post #250 of 281
Quote:
Originally Posted by hmm View Post
 


Of course, but a relative comparison is still valid. The top spec might hit $8-10k. That is a different market than the $3k and $4k models. All you indicate is that they do not provide enough information because it might not look as nice on paper.

It's not going to be as BIG of a gain, but there is also a risk of inundating the customer with too much information.  I've seen companies that flood people with information and it turns people off.  When the computers ship, there will be a LOT of people comparing them with various benchmark tests and real world app tests to keep us busy.

 

I think people should just sit back and wait and not get so wrapped up over things that will be trivial.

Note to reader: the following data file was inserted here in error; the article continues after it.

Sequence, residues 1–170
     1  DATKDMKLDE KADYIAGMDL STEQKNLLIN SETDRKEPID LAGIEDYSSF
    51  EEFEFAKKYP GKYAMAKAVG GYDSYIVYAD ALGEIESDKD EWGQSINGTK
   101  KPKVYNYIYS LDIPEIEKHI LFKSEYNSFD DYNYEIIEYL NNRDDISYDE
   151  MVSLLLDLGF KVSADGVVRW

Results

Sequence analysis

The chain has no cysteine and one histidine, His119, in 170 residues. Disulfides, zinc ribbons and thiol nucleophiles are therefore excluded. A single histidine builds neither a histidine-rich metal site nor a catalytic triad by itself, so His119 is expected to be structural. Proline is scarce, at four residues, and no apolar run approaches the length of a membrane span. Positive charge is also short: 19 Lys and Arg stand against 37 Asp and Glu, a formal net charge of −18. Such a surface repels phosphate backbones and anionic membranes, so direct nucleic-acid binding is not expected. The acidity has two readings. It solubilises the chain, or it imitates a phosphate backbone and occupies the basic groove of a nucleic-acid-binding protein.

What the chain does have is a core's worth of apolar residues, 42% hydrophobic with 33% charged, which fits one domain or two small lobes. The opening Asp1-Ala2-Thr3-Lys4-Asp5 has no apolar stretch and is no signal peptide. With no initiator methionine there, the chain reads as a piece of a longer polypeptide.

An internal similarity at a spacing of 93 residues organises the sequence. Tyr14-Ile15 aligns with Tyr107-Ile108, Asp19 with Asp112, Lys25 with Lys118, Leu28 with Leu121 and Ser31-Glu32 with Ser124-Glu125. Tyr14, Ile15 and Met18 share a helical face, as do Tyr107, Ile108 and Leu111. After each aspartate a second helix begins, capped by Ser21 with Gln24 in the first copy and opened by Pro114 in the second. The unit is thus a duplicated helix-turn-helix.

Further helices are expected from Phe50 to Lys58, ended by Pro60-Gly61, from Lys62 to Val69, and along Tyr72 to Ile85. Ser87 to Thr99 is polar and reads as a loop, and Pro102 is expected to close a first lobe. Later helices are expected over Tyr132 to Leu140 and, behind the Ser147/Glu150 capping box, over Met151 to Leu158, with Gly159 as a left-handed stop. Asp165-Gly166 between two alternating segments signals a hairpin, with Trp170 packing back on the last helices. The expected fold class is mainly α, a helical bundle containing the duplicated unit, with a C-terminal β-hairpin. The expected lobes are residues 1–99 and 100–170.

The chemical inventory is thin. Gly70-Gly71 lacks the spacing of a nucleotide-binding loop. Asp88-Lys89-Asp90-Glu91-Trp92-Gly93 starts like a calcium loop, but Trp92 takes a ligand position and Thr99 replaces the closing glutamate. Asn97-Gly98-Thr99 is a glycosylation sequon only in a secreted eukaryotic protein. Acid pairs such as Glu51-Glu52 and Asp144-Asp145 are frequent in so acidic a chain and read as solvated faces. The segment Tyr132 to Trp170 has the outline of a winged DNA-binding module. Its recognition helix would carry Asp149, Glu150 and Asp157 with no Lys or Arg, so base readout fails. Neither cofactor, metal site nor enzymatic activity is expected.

post #251 of 281
Quote:
Originally Posted by drblank View Post
 

It's not going to be as BIG of a gain, but there is also a risk of inundating the customer with too much information.  I've seen companies that flood people with information and it turns people off.  When the computers ship, there will be a LOT of people comparing them with various benchmark tests and real world app tests to keep us busy.

 

And I plan to review all or most of that information once it becomes available. I won't be a day 1 buyer, but there may be a new mac pro in my future.

post #252 of 281
Quote:
Originally Posted by Relic View Post
 

The problem with the MacPro is that it isn't a dual processor setup which is the only advantage of having a Xeon processor anymore nor are the chips they use any faster or more expensive then a top tier i7, actually there are quite a few i7 models above the Mac Pro Xeon's that are faster and much more expensive, like 400 dollars more expensive except for the 12 Core